Boulder Chosen to Showcase Smart-Grid

By Gargi Chakrabarty
March 12, 2008

Program lets users check power price, usage in real time

Boulder's carbon footprint is about to get a whole lot smaller.

The environmentally aware college town was picked for Xcel Energy's $100 million
Smart-Grid City program.

The power company will allow Boulder customers to access real-time information
about prices of electricity and consumption levels, with the goal of lowering
energy use and reducing carbon dioxide emissions.

"This is one more step toward our original goal to do things to reduce our
carbon footprints and have a smaller impact on the environment," said Dick
Kelly, Xcel's chairman, president and CEO.

Eight cities in Wisconsin, Minnesota and Colorado made it to the final list, but
Boulder won because of its ideal population size and high number of
technologically savvy customers.

An estimated 85 percent of the city has residential high-speed Internet access,
and 70 percent of the city's residents ages 25 and older have at least a bachelor's degree.

In 2006, Boulder showed its green prowess by becoming the first city in the
nation to pass a carbon tax to fight global warming pollution.

Xcel's expenses related to the smart-grid program will be collected through
electric rates it charges customers.

The utility will pay a portion of the program cost, and leverage other sources
including government grants to pay the remainder,

Jim Greenwood, director of Consumer Counsel, said, "It always is a balancing act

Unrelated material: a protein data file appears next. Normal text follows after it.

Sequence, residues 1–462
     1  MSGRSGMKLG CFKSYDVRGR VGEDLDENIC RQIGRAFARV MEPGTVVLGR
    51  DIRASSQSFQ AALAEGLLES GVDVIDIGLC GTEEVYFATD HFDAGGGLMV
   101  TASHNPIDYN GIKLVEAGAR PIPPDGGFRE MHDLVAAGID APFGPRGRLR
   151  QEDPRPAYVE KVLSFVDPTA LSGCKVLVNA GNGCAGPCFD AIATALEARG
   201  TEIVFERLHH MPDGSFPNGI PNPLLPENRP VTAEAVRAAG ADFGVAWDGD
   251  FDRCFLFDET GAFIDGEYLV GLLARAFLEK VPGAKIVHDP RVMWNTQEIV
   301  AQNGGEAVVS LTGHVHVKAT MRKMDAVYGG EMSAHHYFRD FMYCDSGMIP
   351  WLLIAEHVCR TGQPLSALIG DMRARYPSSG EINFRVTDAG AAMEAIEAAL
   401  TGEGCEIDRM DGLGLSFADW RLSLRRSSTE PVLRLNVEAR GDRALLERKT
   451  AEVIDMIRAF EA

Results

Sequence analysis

between doing good things for the environment and keeping consumers' utility
bills as low as can be."

"Am I in favor of reducing carbon footprints through smart- grids? Absolutely,"
Greenwood said. "At any cost? No."

Xcel is working with a handful of companies to fine-tune the smart-grid
technology, which allows a utility to have a two-way communication with
customers in real time.

In the first phase, scheduled to kick off in August, Xcel customers in Boulder
who volunteer to be part of this project will get better service. For instance,
customers immediately will know when there is a power outage and what caused it.

In the second phase, participating customers will have devices in their homes,
similar to a cable-TV box, that show the price of electricity throughout the day.

Knowing the cost may help customers reduce electricity consumption during peak
hours, Kelly said.

For instance, Xcel would advise the participating customers how to time
air-conditioners to go on and off or when not to use washer-dryers during hours
of peak power demand.

Apart from conserving energy and reducing carbon emissions, customers eventually
could save money on their electric bills, Kelly said.

"If we can make up the power we need through conservation, we don't need to
build new power plants," Kelly said.


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